A couple weeks ago I wrote a post for this digital literacy series that examined the ways that social media is changing our lifestyles. In that post I looked at the six general digital lifestyles digital media users could be leading. The characteristics of these lifestyles vary greatly and can be applied to people from a number of demographics – but it’s safe to say they don’t include those over the age of 65.
Canadian seniors are increasingly becoming digitally literate
Now I’m not about to drop a giant bombshell – Canadians under 65 are still far more digitally savvy than Canadian seniors. But, according to Statistics Canada, the number of seniors in Canada online has grown exponentially in the last 12 years:
In 2000, only five per cent of seniors 75 and older were online. Today, that number has grown more than fivefold to 27 per cent.
Canadian seniors use digital technology to be socially active and live independently
Revera is one of Canada’s leading providers of seniors’ accommodations, care and services. In partnership with Leger Marketing, Revera surveyed online Canadians aged 55-64, 65-74 and seniors 75+ to find out their attitudes and behaviours around technology use. Here are some the most interesting findings from the Report:
- 88% of online seniors, over the age of 75, are going online at least once a day, to send emails (98%), research topics of personal interest (76%), do Internet banking and investing (65%) and go shopping (33%).
- Email has surpassed face-to-face contact as a primary way for seniors to keep in touch with friends and family.
- More than half of online seniors (53%) 75 and older belong to social networking sites such and Facebook, and over a third (33%) visit those sites every day.
- The report indicates that seven in 10 seniors view technology as a tool to help them live independently longer. Two of the main ways they believe technology helps with this are: it keeps them socially active (63%) and it keeps them informed of news and world issues (60%).
It’s also noteworthy that seniors cited digital technology as a tool for health management and monitoring (45%). In researching this story, I came across a New York Times article discussing a study that found another form of digital technology, exergaming, offers health benefits for seniors. While game systems like the Nintendo Wii Fit don’t offer many physical benefits for young people (they don’t truly replicate the energy demands of the exercises they imitate), they offer seniors a low impact way to improve their balance. Improved balance can make falls less likely – a huge benefit when you consider that falls are the leading cause of injury related deaths for seniors.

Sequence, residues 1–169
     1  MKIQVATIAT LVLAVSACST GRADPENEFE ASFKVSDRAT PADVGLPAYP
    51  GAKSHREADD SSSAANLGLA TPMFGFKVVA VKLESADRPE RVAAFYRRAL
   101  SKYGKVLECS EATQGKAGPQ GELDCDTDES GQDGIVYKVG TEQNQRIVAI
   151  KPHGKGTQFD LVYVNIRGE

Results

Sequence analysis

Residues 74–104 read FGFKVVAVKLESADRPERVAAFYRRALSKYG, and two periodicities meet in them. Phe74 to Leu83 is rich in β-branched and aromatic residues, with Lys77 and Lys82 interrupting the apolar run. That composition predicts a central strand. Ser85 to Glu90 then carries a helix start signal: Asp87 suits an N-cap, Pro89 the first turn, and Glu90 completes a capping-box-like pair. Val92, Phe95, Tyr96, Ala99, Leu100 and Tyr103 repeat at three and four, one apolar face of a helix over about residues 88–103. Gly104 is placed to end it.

How one Canadian senior uses her iPad
In October 2011, my grandma, who is 84, bought an iPad and I’ve been staying in touch with her primarily by email ever since. In light of the above findings, I thought it appropriate to ask her a few questions about her iPad use – again, via email. Here’s what she had to say:
Why did you get an iPad?
I wanted to get into the “real world”!
What was it like to start using the iPad?
I found it frustrating at first. And mind-boggling to discover I could use it in so many ways.
How do you use your iPad?
I use my iPad to keep in touch with family and friends; catch up on world news if I miss the TV broadcast; watch movies; listen to music; read books; look up info on places I’d like to go but I won’t be going!
I use it every day. I don’t use it to its full potential. It is easier to keep in touch with family and friends but lacks the personal touch of a phone call.
Do your friends also make use of digital technology in their everyday lives?
Quite a number of my friends use digital technology and probably just as many do not.
You’ve lived through a number of technological advances. From your point of view, how has today’s digital technology changed the world in general?
I like the fact that we have the world at our fingertips.
For more examples of how Canadian seniors are using digital media, check out these stories on Revera’s site.
More about the Revera survey
The survey was completed online from January 23, 2012 to February 3, 2012. with a sample of 1532 Canadians in the following age groups: 500 Canadians age 55 to 64, 513 Canadians ages 65 to 74; and 519 Canadians age 75+.
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